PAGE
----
Measuring Our Performance
Our ongoing focus on culture, safety and leadership has helped us regularly improve our health and safety performance over the last decade. While measure our performance using a mix of leading and lagging indicators, the indicator used to measure overall performance and to benchmark against our industry peers is the Total Recordable Injury Frequency (TRIF) rate. We also use Lost Time Injury Frequency (LTIF) rate as a reference indicator. Our injury rates are calculated based on a 200,000-hour formula. LMC’s injury classification criteria are based on the International Council on Mining & Metals (ICMM) Health and Safety Performance Indicators (June 2021) manual and the Global Reporting Initiative (GRI) GRI 403-2018: Occupational Health & Safety standard and aligned to US Occupational Safety and Health Administration (OSHA) definitions for first aid and medical treatment for classification of recordable injuries. Use of this criteria ensures consistent reporting of occupational injuries and illnesses across LMC operations.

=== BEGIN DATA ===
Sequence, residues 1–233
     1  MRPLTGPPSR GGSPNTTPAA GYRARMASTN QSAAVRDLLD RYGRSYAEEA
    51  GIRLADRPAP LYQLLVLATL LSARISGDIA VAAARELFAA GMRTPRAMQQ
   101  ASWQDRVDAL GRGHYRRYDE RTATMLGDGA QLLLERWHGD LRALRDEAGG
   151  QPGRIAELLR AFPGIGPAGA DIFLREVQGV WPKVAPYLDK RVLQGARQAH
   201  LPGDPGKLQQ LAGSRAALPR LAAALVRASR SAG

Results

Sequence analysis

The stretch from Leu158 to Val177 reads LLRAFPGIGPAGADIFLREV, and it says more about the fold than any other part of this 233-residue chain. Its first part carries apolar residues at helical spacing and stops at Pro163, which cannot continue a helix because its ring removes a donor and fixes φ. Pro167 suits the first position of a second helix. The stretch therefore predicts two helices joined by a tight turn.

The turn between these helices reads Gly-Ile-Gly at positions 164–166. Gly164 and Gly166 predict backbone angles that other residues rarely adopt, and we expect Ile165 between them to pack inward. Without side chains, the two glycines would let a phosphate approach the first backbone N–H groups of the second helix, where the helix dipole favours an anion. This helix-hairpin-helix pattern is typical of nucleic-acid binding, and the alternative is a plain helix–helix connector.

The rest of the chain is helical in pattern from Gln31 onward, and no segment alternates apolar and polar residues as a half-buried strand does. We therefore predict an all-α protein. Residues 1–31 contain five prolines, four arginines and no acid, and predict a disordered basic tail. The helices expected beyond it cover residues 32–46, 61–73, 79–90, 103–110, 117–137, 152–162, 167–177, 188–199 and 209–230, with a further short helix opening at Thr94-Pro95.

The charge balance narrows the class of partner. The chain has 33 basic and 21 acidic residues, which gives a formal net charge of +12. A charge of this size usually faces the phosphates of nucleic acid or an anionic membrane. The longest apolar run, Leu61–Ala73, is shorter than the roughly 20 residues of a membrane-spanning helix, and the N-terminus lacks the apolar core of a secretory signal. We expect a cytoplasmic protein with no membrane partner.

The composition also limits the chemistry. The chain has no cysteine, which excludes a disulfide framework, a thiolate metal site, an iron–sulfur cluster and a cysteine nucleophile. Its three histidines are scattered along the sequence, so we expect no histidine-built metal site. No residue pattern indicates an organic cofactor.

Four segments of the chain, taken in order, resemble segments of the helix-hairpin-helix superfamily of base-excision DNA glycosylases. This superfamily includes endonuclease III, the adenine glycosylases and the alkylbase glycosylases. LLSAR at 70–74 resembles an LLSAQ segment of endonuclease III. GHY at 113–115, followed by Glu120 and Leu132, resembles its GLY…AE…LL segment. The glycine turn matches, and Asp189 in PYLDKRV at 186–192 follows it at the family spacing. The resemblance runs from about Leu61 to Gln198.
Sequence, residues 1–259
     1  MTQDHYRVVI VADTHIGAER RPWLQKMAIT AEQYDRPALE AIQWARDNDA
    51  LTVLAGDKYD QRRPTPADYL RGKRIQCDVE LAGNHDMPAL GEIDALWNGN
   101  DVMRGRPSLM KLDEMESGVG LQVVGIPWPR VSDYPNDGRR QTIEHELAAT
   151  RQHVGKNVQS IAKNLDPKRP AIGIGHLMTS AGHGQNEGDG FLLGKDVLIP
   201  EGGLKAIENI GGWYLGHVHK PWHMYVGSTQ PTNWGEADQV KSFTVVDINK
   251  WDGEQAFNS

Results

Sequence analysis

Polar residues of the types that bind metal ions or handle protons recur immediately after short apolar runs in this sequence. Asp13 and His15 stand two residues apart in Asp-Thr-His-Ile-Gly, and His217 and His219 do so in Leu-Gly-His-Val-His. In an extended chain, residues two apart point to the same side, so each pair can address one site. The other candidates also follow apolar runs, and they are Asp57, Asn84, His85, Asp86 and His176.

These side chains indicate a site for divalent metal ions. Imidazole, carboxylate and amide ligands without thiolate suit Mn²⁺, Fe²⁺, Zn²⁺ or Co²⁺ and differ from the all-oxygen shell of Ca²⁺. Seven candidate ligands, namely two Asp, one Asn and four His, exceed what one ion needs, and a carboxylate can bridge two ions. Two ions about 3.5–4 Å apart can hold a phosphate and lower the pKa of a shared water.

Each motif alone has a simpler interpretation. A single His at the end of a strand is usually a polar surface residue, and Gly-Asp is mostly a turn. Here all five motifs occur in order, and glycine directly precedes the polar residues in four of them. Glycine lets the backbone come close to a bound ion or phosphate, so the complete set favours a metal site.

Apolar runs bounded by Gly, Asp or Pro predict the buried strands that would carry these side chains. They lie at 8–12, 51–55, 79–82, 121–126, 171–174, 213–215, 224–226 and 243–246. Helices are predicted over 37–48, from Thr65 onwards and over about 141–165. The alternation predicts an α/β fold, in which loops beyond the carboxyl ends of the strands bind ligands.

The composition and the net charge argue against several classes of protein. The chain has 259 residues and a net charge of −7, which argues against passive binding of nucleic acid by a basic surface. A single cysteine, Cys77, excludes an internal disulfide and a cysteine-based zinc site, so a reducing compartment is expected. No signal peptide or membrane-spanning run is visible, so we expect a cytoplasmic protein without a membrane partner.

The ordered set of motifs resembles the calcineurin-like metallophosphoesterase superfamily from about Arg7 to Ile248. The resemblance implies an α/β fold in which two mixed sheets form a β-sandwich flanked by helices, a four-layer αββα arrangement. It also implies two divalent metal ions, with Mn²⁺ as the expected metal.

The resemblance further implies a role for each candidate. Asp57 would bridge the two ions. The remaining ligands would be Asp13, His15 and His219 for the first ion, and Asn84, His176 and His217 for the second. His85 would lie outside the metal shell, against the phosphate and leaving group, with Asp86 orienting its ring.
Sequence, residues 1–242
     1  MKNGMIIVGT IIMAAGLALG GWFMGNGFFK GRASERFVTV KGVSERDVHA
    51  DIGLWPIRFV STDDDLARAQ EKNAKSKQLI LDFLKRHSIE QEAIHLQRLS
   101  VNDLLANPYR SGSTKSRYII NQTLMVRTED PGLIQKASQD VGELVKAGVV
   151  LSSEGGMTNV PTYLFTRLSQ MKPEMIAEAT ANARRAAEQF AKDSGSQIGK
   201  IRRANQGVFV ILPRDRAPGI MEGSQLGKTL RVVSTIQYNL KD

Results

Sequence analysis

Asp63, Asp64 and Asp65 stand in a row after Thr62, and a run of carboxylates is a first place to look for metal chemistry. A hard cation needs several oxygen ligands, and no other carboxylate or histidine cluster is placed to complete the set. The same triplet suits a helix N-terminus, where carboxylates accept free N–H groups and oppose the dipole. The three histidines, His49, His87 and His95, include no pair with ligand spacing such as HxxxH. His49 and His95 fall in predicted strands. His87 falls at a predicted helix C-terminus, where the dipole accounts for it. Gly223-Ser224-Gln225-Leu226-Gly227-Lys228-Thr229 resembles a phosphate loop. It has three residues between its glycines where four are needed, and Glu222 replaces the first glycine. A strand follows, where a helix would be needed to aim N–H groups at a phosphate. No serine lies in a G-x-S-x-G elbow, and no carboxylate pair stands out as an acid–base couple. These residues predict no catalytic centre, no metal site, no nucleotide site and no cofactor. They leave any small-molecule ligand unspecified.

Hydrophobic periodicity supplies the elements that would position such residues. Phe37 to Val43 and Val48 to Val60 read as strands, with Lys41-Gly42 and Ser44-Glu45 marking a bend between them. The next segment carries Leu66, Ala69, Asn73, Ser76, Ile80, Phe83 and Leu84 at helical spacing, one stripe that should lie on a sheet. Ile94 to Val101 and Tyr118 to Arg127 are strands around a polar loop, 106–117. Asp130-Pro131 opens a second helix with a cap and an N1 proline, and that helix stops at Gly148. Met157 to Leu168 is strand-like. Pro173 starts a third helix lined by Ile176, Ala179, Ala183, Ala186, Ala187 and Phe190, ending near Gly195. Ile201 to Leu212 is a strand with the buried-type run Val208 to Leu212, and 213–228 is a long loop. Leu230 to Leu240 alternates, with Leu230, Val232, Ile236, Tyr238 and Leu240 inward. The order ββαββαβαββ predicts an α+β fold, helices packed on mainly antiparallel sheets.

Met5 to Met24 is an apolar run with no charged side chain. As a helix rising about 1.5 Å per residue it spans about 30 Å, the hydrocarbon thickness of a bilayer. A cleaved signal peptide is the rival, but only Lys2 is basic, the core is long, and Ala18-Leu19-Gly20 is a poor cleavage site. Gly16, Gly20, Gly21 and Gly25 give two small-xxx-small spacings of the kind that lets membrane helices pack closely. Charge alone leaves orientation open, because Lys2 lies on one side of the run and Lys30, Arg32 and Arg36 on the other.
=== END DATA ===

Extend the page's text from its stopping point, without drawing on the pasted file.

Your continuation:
2021 Health and Safety Accomplishments
- Zero Fatalities
- Achieved Lundin Mining best ever TRIF rate of 0.54
Crisis Management Planning and Emergency Preparedness
We strive to maintain a high degree of emergency preparedness across Lundin Mining through implementation of our crisis management standard and crisis management plans. Our crisis management plans are supplemented by site-specific emergency response plans that cater to the unique aspects of each operation. Each operation maintains emergency response capabilities as well as a variety of firefighting and rescue equipment and specialized Personal Protective Equipment (PPE) that is suited to their needs and requirements.